Pubdate: Wed, 18 Mar 2015
Source: Alaska Dispatch News (AK)
Copyright: 2015 Alaska Dispatch Publishing
Note: Anchorage Daily News until July '14
Author: Zaz Hollander


PALMER -- The Matanuska-Susitna Borough Assembly on Tuesday night 
unanimously voted down a bid to put commercial marijuana operations 
to a vote of Valley residents.

Borough Mayor Larry DeVilbiss wanted to ask residents outside the 
cities of Palmer, Wasilla and Houston if they supported retail 
stores, as well as testing, growing or manufacturing facilities.

Mat-Su voters in November narrowly voted against the initiative 
legalizing recreational marijuana use in Alaska, though residents in 
Palmer and other communities backed legalization. DeVilbiss said he 
just wanted to gauge residents' feelings on specific commercial 
operations in light of that vote.

All seven Assembly members voted down his idea, calling it 
unnecessary and premature, as well as flying "fundamentally in the 
face" of voters statewide, as Ron Arvin put it.

Jim Sykes, who represents Sutton within his district, said the 
question is the same as the one voters already answered and said 
better questions could be asked at the polls than those posed by 
"this kind of meaningless language."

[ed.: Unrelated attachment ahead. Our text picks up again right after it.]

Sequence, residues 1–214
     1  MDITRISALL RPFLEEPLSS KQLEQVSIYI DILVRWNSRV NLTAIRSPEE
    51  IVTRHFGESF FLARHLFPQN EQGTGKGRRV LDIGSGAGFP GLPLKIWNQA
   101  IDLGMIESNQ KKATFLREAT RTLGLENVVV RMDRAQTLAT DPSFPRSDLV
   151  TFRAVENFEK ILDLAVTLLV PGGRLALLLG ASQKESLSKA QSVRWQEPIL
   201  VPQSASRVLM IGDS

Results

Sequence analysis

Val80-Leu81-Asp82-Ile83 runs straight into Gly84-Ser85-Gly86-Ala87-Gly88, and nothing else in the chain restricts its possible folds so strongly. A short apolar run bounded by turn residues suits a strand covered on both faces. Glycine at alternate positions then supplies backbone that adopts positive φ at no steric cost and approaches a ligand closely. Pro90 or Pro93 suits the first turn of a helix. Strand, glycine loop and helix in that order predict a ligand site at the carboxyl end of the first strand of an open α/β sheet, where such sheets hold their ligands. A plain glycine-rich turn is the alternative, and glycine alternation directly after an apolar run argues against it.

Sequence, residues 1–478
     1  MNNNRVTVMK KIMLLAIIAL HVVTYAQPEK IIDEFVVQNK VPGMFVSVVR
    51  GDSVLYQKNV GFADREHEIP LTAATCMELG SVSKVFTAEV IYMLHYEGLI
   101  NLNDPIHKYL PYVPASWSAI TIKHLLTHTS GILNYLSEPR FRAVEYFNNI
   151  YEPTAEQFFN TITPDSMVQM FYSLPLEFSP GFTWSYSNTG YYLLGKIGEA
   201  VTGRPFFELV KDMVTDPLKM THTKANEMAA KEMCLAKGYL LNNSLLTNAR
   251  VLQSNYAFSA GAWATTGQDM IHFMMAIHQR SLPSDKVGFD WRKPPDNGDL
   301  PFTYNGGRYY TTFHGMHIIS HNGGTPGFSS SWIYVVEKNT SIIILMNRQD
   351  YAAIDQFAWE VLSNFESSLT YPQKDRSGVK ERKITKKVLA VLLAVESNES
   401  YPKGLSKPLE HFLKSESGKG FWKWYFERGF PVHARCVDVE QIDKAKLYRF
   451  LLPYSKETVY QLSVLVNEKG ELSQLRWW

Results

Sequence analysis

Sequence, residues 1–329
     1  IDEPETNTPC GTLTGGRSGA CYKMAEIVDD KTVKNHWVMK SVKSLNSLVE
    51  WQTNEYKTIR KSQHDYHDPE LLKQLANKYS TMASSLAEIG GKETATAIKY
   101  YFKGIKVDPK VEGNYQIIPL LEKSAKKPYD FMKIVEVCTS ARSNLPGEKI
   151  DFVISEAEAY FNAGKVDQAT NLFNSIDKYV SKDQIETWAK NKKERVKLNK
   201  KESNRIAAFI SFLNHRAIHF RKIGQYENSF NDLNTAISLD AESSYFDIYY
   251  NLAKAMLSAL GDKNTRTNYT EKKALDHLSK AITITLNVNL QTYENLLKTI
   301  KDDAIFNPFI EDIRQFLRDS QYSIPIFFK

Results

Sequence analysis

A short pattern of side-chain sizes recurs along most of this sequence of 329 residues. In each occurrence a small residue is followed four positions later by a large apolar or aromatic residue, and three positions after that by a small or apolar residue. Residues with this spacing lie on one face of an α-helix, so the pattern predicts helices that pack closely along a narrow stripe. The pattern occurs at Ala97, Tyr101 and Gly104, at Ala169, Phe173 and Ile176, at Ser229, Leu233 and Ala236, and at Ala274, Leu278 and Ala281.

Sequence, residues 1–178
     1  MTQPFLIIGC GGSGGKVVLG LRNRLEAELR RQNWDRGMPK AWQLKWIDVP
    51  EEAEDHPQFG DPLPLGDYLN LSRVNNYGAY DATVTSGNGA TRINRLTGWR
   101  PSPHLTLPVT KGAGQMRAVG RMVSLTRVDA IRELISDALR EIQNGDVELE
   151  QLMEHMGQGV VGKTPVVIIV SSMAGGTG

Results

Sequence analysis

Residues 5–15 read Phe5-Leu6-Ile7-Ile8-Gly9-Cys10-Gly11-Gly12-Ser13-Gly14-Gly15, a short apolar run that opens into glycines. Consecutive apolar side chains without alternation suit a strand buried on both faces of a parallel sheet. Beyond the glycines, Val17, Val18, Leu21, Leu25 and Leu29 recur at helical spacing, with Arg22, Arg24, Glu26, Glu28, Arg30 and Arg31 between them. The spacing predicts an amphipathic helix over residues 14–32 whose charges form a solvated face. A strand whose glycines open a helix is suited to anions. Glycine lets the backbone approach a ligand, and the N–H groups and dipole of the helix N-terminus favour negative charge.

Several Assembly members noted the borough is putting together a 
17-member advisory committee on marijuana. The committee members, 
along with 17 alternates, were approved Tuesday.

"We're going to have an advisory committee form with a lot of people 
that are probably more in tune with this issue than us," said Matthew 
Beck, who represents Palmer. "Before we moved on something like this, 
I'd like to hear from the advisory committee."

The state Legislature also has yet to develop laws governing retail 
and commercial marijuana operations, several noted.

Assembly member Steve Colligan of Wasilla wanted to postpone the 
discussion until June, after the Legislature made some decisions and 
the committee could weigh in. That motion was defeated.

Sara Williams, a member of the borough's new committee and owner of a 
nascent business called Midnight Greenery, said two months ago she 
and her husband looked at buying a Meadow Lakes warehouse in a 
residential area.

It seemed an "excellent location for a grow operation" since the 
facility had housed illegal grows for years before it went on the 
market, Williams said.

But they backed off after residents said they planned to submit a 
petition to ban cultivation in the neighborhood.

Williams before the vote suggested that instead of a ballot question, 
the borough recognize the right of subdivisions to petition for bans 
on cannabis facilities within a mile.

"Give the local control to the constituents," she said.
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MAP posted-by: Jay Bergstrom